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State-sponsored hackers from several countries actively use AI and LLMs to support their attack campaigns. Microsoft and OpenAI share how they are leveraging their research results to improve the security of AI tools.

According to Microsoft and OpenAI, state-sponsored hackers increasingly use AI and the underlying LLMs to support their attacks. In their research, both tech giants found that state-sponsored hackers mostly come from China, Iran, North Korea and Russia.

Five state-sponsored hacker groups

OpenAI recently identified five malicious state-sponsored hacker groups that abused its generative AI tools and LLMs to carry out offensive attacks.

Specifically, this involved two Chinese state-sponsored hacker gangs: Charcoal Typhoon and Salmon Typhoon. The researchers came across one gang for the other countries. Namely, the Iran-linked gang Crimson Sandstorm, the North Korea-linked gang Emerald Sleet and the gang with Russian ties Forrest Blizzard.

Limit state hackers, increase security

Microsoft and OpenAI have since taken steps to limit these state hackers’ use of their generative AI tools and underlying LLMs. In addition to immediately blocking the above hacker gangs, both parties have also established a set of other measures.

For the longer term, both parties are now going to monitor state hacker groups and invest in technology to enable this. They will also work more closely with the entire AI ecosystem to share more information about these hacker groups and how they abuse AI.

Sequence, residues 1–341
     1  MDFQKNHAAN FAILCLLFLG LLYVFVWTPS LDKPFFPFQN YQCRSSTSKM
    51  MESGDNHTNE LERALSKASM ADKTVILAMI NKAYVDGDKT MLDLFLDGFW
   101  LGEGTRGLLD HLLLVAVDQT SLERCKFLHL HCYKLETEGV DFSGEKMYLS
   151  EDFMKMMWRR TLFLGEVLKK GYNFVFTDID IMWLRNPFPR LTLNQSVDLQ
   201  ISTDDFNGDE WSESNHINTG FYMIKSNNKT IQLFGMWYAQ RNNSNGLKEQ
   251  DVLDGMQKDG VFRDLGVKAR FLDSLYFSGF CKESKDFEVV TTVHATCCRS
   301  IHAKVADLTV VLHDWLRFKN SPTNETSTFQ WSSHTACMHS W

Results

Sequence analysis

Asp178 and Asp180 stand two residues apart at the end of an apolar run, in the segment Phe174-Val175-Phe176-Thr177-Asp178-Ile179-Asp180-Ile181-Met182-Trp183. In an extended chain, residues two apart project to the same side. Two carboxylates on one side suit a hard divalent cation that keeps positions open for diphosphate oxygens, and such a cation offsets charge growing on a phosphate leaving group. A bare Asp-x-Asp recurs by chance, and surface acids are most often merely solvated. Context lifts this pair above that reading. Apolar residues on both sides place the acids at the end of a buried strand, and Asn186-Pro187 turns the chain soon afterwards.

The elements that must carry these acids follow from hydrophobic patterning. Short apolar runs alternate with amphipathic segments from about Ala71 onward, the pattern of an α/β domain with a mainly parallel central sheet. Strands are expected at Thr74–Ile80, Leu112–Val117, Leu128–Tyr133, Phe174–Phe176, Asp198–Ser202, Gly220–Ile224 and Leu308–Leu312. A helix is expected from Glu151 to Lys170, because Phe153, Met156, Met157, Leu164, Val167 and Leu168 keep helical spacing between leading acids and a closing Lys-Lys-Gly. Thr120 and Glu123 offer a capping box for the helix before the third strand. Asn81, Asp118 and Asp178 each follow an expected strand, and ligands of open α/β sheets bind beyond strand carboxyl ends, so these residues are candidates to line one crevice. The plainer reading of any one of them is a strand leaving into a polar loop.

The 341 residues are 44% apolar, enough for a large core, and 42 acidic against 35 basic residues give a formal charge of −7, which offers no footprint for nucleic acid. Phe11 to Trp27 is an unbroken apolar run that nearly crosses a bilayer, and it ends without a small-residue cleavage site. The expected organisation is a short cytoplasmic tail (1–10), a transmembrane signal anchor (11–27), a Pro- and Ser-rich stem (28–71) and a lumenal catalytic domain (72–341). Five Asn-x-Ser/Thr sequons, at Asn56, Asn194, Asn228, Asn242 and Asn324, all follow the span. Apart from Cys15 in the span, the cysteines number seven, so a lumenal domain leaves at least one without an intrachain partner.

In addition, both parties will use the lessons learned from these actions to improve the security of their AI tooling and LLMs. This should yield increasingly secure AI systems over time.

Finally, both companies say they want to increase public transparency around state-sponsored misuse of AI. Information about this misuse will be shared more. This should better prepare stakeholders and the public for this type of threat and thus provide a growing “collective defence” against this type of attack.

Code and phishing content creation

The Chinese gang Charcoal Typhoon used OpenAI’s generative AI services for research, among other things. WIth it, they searched for companies to be hacked, cybersecurity tools, and public information about several intelligence agencies. The tool was further used for code debugging, script generation and content creation for possible use in phishing campaigns.

Salmon Typhoon used the services to translate technical documents, retrieve public information on intelligence agencies and regional “threat actors,” help with coding and research how to hide processes on a system.

The Iranian gang Crimson Sandstorm abused OpenAI’s services for help in creating scripts for app and web development, generating content for possible spearphishing attacks and researching how malware can bypass detection.

Emerald Sleet’s North Koreans researched defence organizations and experts in the region, researched known software vulnerabilities, sought help with basic scripting tasks, and compiled content for phishing campaigns.

Finally, Forrest Blizzard’s hackers used AI tools to better understand satellite communication protocols, radar technology and scripting for various forms of malware.

Also read: Iranian state hackers carry out destructive attacks on Israel